Estonia's banks do not believe there will be a big problem with mortgage repayments in the future despite rising interest rates. They have no plans to reduce their own rates.
Home loan repayments are expected to rise in the coming months after the European Central Bank hiked the Euribor rate to almost 3 percent.
The trend is likely to continue this year, Tuesday's "Aktuaalne kaamera" reported. The program spoke to several banks about the issue.
"By the end of the first quarter, the three-month Euribor could be somewhere around 3.1 percent, and in fact, by the end of the year, the forecast is that it will be relatively close to 3.12 percent," said Sille Hallang, head of SEB's private client banking division.
Catlin Vatsel, LHV's head of private finance, said: "While the interest rate on a home loan used to stay at around 2 percent, the new normal is more like 4 percent and above. That's what we have to adjust to."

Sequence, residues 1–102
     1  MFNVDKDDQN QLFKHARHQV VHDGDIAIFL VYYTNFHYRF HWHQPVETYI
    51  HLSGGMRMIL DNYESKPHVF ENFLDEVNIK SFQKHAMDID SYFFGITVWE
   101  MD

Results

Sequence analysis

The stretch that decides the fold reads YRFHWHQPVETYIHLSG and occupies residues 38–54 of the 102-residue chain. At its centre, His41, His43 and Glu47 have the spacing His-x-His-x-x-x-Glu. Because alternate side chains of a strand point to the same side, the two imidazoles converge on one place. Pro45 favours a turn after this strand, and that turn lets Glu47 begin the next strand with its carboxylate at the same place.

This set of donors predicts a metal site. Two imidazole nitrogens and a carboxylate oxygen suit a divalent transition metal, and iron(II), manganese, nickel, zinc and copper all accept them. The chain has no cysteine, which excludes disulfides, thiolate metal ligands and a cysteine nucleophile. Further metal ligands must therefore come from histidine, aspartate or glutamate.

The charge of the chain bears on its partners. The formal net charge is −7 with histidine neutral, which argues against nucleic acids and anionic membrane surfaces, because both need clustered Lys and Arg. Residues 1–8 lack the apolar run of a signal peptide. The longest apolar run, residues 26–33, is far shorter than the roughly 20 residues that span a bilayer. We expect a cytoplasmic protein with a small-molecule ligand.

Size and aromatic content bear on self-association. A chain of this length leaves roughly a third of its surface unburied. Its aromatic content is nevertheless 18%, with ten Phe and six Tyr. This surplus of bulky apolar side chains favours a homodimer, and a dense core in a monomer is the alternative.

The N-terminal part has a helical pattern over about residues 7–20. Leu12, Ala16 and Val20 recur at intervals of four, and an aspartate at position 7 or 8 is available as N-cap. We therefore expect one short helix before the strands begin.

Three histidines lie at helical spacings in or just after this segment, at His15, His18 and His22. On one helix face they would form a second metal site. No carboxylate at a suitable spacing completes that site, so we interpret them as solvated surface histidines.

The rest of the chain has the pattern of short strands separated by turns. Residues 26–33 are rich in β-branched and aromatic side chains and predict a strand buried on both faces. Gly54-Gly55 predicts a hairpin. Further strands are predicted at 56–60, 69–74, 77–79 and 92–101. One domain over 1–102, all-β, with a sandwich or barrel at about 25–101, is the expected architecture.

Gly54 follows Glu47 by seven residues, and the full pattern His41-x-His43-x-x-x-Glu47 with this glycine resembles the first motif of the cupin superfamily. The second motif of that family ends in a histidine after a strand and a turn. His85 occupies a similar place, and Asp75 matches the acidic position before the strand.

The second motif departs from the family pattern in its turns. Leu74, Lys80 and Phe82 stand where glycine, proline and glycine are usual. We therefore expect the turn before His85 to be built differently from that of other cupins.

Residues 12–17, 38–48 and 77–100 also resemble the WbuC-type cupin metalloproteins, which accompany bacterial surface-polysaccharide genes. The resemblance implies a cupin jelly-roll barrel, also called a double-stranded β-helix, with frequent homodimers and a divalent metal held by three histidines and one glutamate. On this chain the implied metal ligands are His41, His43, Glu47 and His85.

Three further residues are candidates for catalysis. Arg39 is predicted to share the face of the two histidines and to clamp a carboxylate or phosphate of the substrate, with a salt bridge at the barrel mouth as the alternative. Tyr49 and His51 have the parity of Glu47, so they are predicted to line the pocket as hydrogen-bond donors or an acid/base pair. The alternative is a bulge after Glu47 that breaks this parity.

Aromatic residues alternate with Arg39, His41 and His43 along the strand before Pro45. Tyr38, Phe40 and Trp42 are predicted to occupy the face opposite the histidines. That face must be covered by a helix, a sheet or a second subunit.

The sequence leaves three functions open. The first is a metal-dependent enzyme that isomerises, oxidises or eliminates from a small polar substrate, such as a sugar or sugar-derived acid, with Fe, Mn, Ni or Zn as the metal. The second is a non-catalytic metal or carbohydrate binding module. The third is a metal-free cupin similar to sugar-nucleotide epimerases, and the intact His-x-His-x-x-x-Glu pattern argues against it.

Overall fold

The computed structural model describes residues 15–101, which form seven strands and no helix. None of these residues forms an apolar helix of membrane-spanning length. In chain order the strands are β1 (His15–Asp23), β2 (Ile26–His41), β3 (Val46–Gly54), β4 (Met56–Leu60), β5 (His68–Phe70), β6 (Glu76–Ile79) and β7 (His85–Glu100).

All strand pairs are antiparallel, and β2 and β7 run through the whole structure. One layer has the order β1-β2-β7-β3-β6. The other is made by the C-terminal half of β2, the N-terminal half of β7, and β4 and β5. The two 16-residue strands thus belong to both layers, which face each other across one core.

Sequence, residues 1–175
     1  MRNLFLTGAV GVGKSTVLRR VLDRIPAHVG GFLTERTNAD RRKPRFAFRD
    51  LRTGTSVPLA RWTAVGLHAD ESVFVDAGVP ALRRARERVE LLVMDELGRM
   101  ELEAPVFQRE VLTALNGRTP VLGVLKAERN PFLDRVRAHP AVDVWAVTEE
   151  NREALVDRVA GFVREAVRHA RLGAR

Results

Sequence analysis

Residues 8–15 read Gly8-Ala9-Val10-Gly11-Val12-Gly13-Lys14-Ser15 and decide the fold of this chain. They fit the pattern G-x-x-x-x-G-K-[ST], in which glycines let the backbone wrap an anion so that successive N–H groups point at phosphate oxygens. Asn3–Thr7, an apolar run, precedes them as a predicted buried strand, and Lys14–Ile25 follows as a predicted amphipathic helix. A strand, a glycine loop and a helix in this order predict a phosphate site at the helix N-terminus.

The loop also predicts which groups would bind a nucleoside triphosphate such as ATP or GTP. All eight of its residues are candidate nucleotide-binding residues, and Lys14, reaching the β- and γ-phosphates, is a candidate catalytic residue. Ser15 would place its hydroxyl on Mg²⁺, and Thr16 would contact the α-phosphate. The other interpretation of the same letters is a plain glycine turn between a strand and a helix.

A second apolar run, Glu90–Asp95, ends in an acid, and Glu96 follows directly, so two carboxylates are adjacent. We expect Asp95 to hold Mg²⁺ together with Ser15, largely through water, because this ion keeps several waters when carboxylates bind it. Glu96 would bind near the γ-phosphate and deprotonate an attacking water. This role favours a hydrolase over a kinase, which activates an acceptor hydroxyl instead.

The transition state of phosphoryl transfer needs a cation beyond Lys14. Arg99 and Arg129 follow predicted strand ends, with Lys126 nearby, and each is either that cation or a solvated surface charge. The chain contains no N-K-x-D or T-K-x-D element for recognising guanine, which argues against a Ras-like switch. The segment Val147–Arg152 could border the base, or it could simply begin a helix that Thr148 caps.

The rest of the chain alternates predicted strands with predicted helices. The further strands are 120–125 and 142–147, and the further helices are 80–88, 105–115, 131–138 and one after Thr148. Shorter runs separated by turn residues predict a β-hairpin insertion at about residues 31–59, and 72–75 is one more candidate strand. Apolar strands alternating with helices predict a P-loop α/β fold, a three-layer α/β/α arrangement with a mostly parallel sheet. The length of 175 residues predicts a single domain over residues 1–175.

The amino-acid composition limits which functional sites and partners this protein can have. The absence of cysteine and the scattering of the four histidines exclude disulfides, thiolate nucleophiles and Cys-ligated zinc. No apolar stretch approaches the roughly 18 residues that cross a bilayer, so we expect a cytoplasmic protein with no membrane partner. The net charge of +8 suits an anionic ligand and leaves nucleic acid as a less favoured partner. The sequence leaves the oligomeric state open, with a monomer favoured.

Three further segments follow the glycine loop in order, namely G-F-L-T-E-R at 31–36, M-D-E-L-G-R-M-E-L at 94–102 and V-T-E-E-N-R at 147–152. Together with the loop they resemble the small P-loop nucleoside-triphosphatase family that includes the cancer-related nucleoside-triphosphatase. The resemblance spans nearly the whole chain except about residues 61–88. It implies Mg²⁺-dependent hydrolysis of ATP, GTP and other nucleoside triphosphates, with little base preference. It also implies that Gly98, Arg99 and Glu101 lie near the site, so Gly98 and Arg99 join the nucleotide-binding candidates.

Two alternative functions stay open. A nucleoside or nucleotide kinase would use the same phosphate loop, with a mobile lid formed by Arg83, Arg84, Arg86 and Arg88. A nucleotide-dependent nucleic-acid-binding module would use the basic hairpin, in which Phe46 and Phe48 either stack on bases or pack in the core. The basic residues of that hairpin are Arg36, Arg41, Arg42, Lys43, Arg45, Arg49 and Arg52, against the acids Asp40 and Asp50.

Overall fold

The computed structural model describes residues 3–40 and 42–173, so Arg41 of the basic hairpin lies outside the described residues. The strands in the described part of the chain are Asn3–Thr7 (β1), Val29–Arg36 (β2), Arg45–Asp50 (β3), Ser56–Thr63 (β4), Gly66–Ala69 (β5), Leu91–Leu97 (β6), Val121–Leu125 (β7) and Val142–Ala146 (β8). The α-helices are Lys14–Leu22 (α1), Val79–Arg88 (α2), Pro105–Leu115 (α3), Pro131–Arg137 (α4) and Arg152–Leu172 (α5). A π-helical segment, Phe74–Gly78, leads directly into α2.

Banks are not planning to reduce their interest rates and they do not believe customers will have problems meeting repayment schedules.
Currently, the number of people defaulting on loans is lower than ever before, AK reported. But SEB has seen a small increase.
"In December we saw a slight increase in the number of defaults and an increase in the number of customers applying for a payment pause. It is not a large number, but as we are comparing it to the previous months, the number still rose in December and we have already had requests coming in at the beginning of January," Hallang said.
Redundancies or a reduction in income are behind the rise. But forecasts are upbeat.
Tanel Rebane, Luminor's head of private banking, said: "We don't see a longer-term problem with the Estonian labor market anyway, and what this really means is that there is nothing wrong with the servicing of these home loans in the grand scheme of things."
However, the number of people applying for mortgages has fallen from its peak in 2021.
Editor: Merili Nael, Helen Wright
Source: Aktuaalne kaamera